Whales - The Basques Come to Labrador

Basque whalers came to the Strait of Belle Isle in the 16th and early 17th centuries to hunt the Greenland right whale (Balaena mystricetus) and the North Atlantic right whale (Eubalaena glacialis).  In the 16th century it is unlikely that these species would have occurred in the Strait at the same time of the year.  The Greenland right whale was probably here October to May, while the North Atlantic right whale was here mid-June to late September.

The clothing on this mannequin is an authentic reproduction of times found in a burial site on Saddle Island.  The plaid patterns was produced using naturally pigmented wools from several varieties of sheep and goats. The shoes were produced using vegetable tanned leather.  Attached are samples of the fabric used to make the reproductions.  

It is known that Basques sailors wore other items of clothing than those reproduced here. These items may not have been buried or if they were, they may have disintegrated over time.  A Basque whaler’s complete set of clothing normally included an overcoat, jacket, trousers or breeches a linen shirt, undergarments stockings; cloth for leggings, boots or shoes, gloves and cap or hat.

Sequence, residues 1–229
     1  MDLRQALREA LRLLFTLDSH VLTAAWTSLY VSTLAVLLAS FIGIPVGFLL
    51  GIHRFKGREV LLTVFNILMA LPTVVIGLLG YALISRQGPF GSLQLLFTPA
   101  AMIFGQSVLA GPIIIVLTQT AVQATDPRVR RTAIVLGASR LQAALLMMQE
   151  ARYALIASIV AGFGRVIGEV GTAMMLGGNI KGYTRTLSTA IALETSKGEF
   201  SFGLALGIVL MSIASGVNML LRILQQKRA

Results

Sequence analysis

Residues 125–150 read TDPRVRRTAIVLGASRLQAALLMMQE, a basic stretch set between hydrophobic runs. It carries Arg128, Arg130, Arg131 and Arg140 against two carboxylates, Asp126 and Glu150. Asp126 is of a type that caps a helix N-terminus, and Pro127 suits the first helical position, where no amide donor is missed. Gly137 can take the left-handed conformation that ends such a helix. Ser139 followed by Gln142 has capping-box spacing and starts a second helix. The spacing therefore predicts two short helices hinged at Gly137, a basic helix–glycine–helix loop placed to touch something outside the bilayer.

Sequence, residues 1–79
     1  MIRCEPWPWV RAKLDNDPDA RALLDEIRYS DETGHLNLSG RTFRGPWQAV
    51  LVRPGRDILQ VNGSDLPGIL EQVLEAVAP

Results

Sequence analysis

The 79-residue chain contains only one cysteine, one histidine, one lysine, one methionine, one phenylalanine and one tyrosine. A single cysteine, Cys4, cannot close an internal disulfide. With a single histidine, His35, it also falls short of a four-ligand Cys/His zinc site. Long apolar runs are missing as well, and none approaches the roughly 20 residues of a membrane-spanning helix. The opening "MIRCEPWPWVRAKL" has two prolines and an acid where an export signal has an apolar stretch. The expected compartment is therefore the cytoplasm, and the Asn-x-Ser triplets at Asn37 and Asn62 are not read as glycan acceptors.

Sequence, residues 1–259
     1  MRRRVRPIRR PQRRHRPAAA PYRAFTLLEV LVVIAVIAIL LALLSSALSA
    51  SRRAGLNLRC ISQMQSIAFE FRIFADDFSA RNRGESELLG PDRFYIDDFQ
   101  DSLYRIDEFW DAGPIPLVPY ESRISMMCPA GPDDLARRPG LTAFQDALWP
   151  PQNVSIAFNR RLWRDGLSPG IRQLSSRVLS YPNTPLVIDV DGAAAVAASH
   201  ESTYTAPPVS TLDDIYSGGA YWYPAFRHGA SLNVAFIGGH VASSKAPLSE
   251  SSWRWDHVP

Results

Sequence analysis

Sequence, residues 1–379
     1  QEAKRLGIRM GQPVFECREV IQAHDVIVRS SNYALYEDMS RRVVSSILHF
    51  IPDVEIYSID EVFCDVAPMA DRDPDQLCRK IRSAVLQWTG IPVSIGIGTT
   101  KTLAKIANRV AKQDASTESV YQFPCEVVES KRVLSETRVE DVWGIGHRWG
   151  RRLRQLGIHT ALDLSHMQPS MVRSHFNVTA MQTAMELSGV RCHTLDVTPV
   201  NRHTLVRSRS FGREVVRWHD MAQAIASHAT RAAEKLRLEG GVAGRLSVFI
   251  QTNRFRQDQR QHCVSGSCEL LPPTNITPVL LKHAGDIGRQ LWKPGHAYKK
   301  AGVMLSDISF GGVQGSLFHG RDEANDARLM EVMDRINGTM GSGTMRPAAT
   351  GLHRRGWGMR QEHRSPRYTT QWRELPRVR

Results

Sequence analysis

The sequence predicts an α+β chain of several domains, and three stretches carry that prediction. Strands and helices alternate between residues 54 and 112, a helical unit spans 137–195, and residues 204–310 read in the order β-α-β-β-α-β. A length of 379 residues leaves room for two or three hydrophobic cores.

Barrels that whale oil were used to store and shipped back to Europe in.  Whale oil lite much of Europe at the time.

Artistic representation of a tryworks based upon archaeological remains.  The tryworks was the main structure at the shore station.  It was used to render whale blubber into oil.  Some sixteen tryworks have been identified at Red Bay.